My parents graciously took our furry babies who LOVE to stay with Grandma & Grandpa and play with their furry cousins; I'm quite sure neither of our babies missed us in the least.  

We started our trip by doing our 4th Tough Mudder - in Maine! Neither of us had ever been to Maine (a brief stop at the airport not withstanding), so it was a fun adventure. It was also new for us to have a mud run so late in the year; usually our last one is in August. It was interesting to try something different all around. 

Seeing as the rest of the Fall remains about as packed as the summer was, we were also celebrating both My Prince's birthday and our upcoming 11th anniversary this trip. (Side note: how do two confirmed introverts with no kids get such busy schedules? Seriously!?) Accordingly, although our meals were chaotic or skipped while on the road, our dinners were celebratory and divine. If you're ever in Portland, you must check out the Back Bay Grill. If you're in NY's Finger Lakes region, go eat at Kismet Bistro. Both are truly worthy of rave reviews - and coming from me, that's saying something! 

We're squarely back in the swing of things now, but I've found myself thinking much more often how easy it is to replicate so much of what b&b's boast about this time of year... if I'm willing to set aside my to-do list. I won't be replicating fancy dinners, but I'm perfectly capable of making (really good) hot chocolate and dragging a quilt outside to sit on the porch and enjoy the flaming colors of turning leaves or the stars glittering in crisp autumn nights. Even if it's only for 15 minutes here and there. 

So with happy vacation memories lingering in my mind, I'm challenging myself to pay attention to - and take advantage of - these opportunities to take mini breaks from the day and savor the Fall luxuries readily available to me. Will you do the same?

Thursday, October 1

Fitness and Fits

My Prince, after completing his 1st half marathon this summer!
Mel Joulwan, Paleo blogger and author the amazing Well Fed cookbooks, recently included a link in her digital newsletter to a fantastic 2013 blog post titled 10 Things I Want My Daughter to Know About Working Out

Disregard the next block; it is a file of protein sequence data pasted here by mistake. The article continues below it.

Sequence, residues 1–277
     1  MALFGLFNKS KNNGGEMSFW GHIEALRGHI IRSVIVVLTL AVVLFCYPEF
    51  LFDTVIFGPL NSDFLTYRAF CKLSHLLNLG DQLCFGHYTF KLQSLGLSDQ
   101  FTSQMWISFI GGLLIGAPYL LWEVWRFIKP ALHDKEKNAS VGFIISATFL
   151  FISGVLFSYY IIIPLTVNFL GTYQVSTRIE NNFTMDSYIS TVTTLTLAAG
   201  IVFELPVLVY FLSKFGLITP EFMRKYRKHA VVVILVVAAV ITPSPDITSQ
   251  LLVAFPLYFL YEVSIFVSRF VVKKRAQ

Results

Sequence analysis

Written by the mother of a young girl, it emphasizes that fitness is not about looking great in a slinky dress or about checking yet another box off your to-do list every day. Her list also makes it clear that it's not about being a super-athlete or part of the gym-goers club. It's about taking care of yourself. 

She notes that she hopes her daughter will grow up in the habit of choosing to be physically active because it is part of cultivating larger schemes of good habits and opens doors to wonderful opportunities - hiking or biking in woods enjoying the fresh air, for example. I hope at some point to build on this post at my other blog, because I was struck by how many of her points were also true of clean eating. 

But I was also struck by the number of people in the comments section having fits! Not everyone can exercise, and certainly many of us don't enjoy traditional work out routines, and that's both fine and completely understandable. But I was shocked at how many people objected to simple ideas like wanting to take care of oneself. It is appalling to me that we could live in a society that not only doesn't value self-responsibility enough to consider it a virtue, but that actually bashes people for personally valuing it! I was reminded of an article I saw recently about how people are actually becoming disabled by choice (aka "transabled").

Rather than get depressed by how ridiculously warped people's ideas can be, I decided instead to take these things as a reminder to appreciate the people in my life with the kinds of values and motivations I love, respect, and aspire to.

So thank you. 

Thank you for modeling for me the kind of discipline it takes to learn a new skill, and the pride that goes with making something worthy and lovely using talents long honed. Thank you for the energy and creativity you pour into the challenges and opportunities you tackle every day. Thank you for showing me what it looks like to offer grace and encouragement when someone dives headlong into something they're passionate about, even if it isn't for you. Like the little girl the Wellfesto blog post was intended for, I am blessed to be influenced and encouraged by people who choose to offer their best, rather than trying to drag others down to a lower common denominator. And for that, I am thankful.